What is Biomass?
The following are some consensus definitions of biomass at European and International level:
- United Nations Framework Convention on Climate Change (UNFCCC) Definition of renewable biomass: “The biomass is the non-fossil fraction of an industrial or municipal waste.”
- Organisation for Economic Co-operation and Development (OECD) Definition of solid biomass: “Biomass is defined as any plant matter used directly as fuel or converted into other forms before combustion.”
- EU’s Waste Framework Directive: “bio-waste” means biodegradable garden and park waste, food and kitchen waste from households, restaurants, caterers and retail premises and comparable waste from food processing plants”
- International Energy Agency (IEA) Definition of Biomass (see page 575): “Solid Biomass products, gas and liquids derived from biomass and the renewable part of municipal waste.”
- European Biomass Association (AEBIOM) Definition of Biodegradable Waste: “Biodegradable waste is the biomass that can cover several forms of waste such as organic fraction of municipal solid waste, wood waste, refuse-derived fuels, sewage sludge, etc.”
Is there a biomass industry in Malaysia?
The biomass industry represents several different industries brought together by the utilization of renewable organic matters including timber waste, oil palm waste, rice husk; coconut trunk fibers, municipal waste, sugar cane waste, etc (refer to Figure 1 below). These organic materials have the potential to be used in the manufacturing of value-added eco-products (e.g. bio-plastics, bio-composites, bio-fertilizers, bio-pellets, etc.) and the generation of renewable energy (refer to Figure 2 below).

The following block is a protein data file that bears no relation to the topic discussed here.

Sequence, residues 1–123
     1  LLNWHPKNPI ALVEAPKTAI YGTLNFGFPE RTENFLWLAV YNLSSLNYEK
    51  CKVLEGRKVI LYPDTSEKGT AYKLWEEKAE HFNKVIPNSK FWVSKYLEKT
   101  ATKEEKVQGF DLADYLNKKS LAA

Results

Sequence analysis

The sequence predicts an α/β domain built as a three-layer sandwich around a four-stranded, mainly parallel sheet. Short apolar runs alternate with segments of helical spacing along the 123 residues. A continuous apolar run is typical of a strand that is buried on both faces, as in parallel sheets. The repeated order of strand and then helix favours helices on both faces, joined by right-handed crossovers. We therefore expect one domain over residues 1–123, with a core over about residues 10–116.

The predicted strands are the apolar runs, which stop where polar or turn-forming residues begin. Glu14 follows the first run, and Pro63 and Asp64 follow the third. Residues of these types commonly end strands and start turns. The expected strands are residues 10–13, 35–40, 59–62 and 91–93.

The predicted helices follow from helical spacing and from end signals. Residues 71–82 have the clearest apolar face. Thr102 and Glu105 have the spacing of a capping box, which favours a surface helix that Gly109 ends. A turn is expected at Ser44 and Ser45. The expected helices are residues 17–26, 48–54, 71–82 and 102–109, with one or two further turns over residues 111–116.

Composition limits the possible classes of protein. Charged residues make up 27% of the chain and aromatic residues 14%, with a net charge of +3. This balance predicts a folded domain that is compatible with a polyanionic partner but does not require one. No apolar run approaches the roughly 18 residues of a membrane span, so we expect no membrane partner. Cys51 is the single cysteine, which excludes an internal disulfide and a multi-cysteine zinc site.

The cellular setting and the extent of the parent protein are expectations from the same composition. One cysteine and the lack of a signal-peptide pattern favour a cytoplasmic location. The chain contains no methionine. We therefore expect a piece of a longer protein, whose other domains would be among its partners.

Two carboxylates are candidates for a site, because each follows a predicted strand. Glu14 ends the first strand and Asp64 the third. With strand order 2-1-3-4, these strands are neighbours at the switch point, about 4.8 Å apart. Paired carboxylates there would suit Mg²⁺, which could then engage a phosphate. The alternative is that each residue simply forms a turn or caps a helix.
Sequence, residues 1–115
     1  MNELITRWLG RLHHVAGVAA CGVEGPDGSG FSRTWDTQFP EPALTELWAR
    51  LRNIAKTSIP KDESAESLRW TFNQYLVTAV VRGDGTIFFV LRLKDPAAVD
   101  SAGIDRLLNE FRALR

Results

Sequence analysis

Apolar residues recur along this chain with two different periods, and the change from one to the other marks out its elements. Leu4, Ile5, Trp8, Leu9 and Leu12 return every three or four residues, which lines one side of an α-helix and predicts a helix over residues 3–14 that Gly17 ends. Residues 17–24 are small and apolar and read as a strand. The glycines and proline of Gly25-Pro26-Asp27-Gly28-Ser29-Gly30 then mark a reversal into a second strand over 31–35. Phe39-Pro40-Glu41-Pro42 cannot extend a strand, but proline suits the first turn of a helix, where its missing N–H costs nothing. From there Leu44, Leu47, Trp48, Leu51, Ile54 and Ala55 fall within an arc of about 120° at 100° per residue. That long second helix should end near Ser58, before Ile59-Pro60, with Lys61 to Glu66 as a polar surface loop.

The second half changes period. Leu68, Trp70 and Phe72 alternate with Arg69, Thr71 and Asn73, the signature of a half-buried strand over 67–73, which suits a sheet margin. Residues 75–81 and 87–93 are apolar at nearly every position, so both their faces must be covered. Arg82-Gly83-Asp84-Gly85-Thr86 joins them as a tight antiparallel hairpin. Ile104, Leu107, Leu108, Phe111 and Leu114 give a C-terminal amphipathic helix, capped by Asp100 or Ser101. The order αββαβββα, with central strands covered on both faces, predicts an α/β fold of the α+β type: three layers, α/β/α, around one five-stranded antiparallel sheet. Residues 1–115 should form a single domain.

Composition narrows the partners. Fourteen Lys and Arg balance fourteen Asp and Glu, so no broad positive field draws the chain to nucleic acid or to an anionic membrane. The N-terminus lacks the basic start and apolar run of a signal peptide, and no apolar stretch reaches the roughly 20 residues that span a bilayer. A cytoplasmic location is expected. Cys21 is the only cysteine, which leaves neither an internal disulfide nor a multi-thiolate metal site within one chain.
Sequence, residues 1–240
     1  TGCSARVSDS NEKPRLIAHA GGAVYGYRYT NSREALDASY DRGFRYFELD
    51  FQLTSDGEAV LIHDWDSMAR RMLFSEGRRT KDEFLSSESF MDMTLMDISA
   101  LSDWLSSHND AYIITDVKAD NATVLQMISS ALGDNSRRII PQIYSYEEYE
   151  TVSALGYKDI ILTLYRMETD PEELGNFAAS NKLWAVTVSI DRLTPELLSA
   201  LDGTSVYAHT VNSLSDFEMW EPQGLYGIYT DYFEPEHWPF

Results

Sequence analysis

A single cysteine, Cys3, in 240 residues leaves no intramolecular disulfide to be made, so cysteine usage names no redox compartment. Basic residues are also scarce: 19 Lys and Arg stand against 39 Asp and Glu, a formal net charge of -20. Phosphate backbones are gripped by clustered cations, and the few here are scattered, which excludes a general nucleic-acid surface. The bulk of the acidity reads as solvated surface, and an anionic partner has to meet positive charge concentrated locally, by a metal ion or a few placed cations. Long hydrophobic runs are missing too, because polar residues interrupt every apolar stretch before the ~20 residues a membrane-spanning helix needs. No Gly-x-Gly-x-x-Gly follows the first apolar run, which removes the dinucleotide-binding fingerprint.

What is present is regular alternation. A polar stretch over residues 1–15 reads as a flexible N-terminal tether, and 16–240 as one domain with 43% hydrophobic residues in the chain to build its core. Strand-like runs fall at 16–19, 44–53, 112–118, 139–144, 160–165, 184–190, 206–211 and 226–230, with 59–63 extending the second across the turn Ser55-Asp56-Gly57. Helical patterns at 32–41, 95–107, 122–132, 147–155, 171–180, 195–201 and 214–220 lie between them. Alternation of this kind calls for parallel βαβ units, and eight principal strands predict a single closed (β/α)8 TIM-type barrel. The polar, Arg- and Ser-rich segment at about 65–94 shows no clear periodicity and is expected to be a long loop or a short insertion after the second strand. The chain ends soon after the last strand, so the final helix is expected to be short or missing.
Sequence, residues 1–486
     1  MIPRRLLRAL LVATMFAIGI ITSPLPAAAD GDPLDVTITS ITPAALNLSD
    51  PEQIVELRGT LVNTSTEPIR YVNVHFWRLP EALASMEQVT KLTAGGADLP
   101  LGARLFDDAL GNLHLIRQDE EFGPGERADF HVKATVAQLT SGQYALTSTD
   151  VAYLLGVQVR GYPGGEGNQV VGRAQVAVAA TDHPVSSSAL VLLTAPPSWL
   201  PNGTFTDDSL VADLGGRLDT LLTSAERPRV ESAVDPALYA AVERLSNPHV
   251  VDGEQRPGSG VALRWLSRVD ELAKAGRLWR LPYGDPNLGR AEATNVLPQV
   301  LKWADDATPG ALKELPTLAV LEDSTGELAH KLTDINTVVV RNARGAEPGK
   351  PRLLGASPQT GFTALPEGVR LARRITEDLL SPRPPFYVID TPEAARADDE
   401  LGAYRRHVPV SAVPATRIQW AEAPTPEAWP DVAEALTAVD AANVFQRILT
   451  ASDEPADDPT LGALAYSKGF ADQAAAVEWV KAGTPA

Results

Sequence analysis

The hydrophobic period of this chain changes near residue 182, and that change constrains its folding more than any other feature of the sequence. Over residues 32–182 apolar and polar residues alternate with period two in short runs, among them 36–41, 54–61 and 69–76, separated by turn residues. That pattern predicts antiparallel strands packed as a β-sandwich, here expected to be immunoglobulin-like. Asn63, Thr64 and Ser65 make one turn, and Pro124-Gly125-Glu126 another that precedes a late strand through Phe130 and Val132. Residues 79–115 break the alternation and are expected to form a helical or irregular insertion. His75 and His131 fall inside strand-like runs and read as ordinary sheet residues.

Figure 1: Different types of biomass available in Malaysia
- Palm Kernel Shell
- Wood Chips
Figure 2: Different types of products which can be derived from biomass
While it goes without saying the biomass industry in Malaysia has enormous untapped potentials for commercialization given the minimum biomass production of 168 million tones a year as -well hundred types of biomass-related research and development (R&D) activities undertaken by local research institutions and universities, the full utilization of biomass in the market is yet to be achieved. Among the barriers faced are:
A lot of policies developed to facilitate the uptake on biomass and renewable energy among SMEs are still underway, limiting the efficiencies of coordination among local agencies and biomass industry in Malaysia.
There is no reliable and clear data on the potential of biomass in the market
Limited incentives and funding support are provided to bear the high cost of initial investment in parallel to the need for increased utilization of renewable resources to combat climate change, biomass definitely has a firm position in the national strategies to achieve sustainable consumption and production and combat climate change. As such, the biomass commercialization issues is growing to be more complex and more diverse, opening opportunities for engagement between different industries, government agencies, and research institutions.